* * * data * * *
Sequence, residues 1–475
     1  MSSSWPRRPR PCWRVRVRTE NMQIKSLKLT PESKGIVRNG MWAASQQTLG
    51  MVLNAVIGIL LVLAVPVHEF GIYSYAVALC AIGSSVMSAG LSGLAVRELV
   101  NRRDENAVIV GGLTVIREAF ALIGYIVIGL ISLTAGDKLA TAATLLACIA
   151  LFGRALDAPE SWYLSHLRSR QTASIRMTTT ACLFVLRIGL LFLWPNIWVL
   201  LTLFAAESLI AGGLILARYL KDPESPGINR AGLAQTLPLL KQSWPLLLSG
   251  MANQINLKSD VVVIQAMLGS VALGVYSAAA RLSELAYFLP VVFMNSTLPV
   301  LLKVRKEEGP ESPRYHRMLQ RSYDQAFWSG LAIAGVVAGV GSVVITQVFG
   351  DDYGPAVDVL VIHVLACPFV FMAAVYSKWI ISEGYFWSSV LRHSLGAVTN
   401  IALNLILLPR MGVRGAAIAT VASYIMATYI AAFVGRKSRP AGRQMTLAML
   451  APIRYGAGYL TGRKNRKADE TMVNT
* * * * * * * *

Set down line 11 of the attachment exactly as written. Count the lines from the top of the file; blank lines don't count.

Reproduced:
   451  APIRYGAGYL TGRKNRKADE TMVNT